R. Paul Wilson On: Stealing Machines
Believe it or not, an ingenious contraption invented over 130 years ago is still in use today both in private card games and casino table games.
In the hands of an expert, it renders incredible sleight of hand completely invisible and in at least one example, this seemingly clunky mechanism was caught beating a casino for almost a million dollars.
Around 1888, a poker game somewhere in North America came to a sudden end when three players leapt upon the fourth and dragged him away from the table.
Protruding from PJ Kepplinger’s sleeve was a metal “thief” with a card clipped to it, ready to be pulled into that sleeve.
Between his legs, a cable was connected from knee to knee and by moving them apart, a system of pulleys would operate the device strapped to Kepplinger’s wrist.
It was the first discovery of the most complex mechanical holdout ever invented but Kepplinger did not go to jail, or even to hospital.
After demonstrating how his machine worked, the three players he’d been cheating just a few hours before, commissioned him to build three identical devices.
The Stealing Machine: Knee vs Toe Spread
Since that day, Kepplinger’s holdout has evolved into a simple, elegant design with two variations: the knee-spread and the toe-spread.
The knee-spread works by cutting small gaps in the inside leg of the operator’s pants so a cable can be stretched between the knees when seated.
The cable continues into a series of handmade brass tubes with specially designed hinges that extend up the side, past the waist and down the arm via a small pulley system.
Strapped to the wrist is the thief mechanism on a rail. It travels straight and true when the cable is pulled with an elastic band (a modern addition) to pull the thief back into the sleeve when the cable is relaxed.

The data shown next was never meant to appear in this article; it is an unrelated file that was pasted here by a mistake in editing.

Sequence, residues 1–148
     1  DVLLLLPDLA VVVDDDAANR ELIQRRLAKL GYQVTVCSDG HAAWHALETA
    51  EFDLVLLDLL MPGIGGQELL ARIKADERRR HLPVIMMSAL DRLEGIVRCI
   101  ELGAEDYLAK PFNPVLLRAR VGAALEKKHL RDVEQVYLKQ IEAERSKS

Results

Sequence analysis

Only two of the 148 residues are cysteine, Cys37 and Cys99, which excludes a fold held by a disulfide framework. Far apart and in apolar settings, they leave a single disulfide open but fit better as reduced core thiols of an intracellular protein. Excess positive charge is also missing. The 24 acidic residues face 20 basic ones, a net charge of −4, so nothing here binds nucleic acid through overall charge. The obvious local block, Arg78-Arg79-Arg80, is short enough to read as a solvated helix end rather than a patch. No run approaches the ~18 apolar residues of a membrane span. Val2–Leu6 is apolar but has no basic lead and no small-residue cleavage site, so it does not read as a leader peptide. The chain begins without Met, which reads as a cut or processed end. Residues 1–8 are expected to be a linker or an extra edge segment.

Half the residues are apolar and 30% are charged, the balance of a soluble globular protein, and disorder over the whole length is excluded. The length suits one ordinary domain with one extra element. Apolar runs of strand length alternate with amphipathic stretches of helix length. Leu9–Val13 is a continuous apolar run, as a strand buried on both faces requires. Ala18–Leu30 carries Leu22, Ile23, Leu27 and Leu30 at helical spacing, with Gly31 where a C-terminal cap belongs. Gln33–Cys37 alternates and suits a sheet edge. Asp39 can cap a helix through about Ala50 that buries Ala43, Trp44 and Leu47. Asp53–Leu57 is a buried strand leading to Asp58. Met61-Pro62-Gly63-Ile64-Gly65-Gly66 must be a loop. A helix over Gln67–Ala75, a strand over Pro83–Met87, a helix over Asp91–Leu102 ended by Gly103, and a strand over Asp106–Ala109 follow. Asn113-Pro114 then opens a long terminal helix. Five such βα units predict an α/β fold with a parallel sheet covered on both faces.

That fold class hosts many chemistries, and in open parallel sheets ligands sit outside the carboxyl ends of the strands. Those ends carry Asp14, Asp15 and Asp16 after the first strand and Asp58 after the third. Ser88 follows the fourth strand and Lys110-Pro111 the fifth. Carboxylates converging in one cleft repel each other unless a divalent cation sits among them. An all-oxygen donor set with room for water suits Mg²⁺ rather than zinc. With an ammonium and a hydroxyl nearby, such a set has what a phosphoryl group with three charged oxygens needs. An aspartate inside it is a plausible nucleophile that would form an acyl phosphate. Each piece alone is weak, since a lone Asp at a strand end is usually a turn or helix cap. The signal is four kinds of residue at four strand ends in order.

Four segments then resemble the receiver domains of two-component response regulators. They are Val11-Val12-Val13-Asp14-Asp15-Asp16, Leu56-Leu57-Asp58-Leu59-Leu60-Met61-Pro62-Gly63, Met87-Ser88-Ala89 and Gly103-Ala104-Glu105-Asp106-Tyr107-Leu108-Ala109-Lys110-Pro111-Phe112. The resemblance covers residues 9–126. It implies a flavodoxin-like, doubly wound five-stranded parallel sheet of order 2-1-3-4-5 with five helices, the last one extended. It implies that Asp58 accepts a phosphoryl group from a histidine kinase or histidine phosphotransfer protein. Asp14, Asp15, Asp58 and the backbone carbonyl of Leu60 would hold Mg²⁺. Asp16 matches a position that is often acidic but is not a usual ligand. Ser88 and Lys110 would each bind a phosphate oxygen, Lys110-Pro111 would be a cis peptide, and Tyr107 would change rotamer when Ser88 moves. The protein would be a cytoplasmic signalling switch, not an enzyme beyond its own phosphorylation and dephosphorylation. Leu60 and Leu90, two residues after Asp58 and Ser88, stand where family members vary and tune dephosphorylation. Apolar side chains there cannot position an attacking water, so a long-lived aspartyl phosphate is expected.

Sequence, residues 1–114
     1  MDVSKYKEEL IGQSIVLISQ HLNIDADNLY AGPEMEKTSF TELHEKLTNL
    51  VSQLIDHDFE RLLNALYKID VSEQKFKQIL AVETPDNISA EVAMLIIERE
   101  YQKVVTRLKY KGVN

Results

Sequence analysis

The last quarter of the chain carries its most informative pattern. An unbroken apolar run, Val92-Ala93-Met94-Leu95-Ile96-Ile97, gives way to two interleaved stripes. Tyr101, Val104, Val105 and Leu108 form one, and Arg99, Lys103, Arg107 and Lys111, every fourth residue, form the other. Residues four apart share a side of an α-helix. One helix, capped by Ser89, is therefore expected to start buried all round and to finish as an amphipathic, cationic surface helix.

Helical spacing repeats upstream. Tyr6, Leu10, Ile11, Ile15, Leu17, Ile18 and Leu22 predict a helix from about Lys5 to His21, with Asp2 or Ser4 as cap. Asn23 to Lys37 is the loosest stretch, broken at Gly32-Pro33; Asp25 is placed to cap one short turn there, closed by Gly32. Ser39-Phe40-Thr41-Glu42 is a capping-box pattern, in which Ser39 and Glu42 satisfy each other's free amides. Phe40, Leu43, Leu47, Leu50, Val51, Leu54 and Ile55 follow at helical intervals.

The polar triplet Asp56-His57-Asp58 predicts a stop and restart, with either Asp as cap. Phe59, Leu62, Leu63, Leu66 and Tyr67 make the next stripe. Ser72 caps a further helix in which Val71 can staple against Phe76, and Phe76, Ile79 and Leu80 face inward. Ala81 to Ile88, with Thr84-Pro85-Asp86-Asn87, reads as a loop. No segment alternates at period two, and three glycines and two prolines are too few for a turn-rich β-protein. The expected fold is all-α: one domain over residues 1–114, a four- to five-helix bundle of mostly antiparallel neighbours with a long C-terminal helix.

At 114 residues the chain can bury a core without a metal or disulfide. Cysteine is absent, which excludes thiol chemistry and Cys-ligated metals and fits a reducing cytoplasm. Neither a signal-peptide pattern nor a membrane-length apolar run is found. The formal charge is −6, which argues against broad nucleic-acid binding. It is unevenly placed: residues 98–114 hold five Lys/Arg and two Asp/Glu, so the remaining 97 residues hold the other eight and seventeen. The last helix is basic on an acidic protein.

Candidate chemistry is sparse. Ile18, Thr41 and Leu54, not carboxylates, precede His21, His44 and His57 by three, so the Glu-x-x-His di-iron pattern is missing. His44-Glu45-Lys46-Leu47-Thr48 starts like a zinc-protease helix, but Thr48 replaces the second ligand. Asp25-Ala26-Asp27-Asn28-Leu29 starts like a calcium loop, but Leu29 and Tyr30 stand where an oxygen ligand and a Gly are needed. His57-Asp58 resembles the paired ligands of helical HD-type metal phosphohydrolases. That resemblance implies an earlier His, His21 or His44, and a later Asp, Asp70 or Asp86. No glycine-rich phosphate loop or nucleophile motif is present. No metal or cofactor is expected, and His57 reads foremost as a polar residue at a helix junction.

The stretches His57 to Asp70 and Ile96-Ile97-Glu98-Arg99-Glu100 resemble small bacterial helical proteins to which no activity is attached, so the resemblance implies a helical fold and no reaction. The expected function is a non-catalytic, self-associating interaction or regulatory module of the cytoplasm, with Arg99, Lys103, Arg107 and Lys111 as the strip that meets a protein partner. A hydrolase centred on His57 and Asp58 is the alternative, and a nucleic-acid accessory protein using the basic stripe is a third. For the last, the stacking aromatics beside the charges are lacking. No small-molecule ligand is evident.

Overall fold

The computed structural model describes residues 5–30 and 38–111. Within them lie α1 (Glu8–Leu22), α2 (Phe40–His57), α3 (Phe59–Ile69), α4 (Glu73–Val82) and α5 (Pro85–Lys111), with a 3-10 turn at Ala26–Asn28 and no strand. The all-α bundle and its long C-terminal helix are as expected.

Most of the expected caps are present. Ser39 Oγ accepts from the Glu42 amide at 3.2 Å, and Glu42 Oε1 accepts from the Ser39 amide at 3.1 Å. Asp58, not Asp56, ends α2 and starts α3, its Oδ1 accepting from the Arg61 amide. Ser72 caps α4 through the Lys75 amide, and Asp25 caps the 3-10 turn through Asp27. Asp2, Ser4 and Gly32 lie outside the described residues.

The knee-spread is the most common variety, but toe spreads are preferable to some machine operators. This is so the cable is not stretched between their legs but extends to their foot where it is anchored and operated by tilting the ankle.
The toe spread takes more practice to perfect as the action requires a muscle to develop. Painful cramping is common when learning to hold the foot at the necessary angle.
Toe Spread Gone Wrong
Years ago, a good friend called me from Spain after buying a toe-spread holdout for his magic show.
It’s not a great solution for magicians since it’s designed for a single purpose and is meant to be worn while seated, quietly waiting for the right cards to switch in or out of a hand, but my friend had a good idea and wanted to experiment so I’d connected him with the right people to obtain a machine.
When he called me, he was having serious problems making it work, which was not surprising since working with such a device is about as easy as learning to play the bassoon. My friend was seeing no progress, so I agreed to visit and help him work out the wrinkles.
When I got to his place a few weeks later, he was limping and told me the machine was threatening to cut off his big toe! Sure enough, when he removed his shoes and socks his toe was more black than blue.
To resolve this, he had made a tiny metal helmet to protect his toe and proceeded to hook up the cable, replace his socks and painfully push the now-connected foot into his shoes.
I laughed so hard I fell off my chair.
“It’s called a toe-spread but you don’t actually use your toe!” I told him.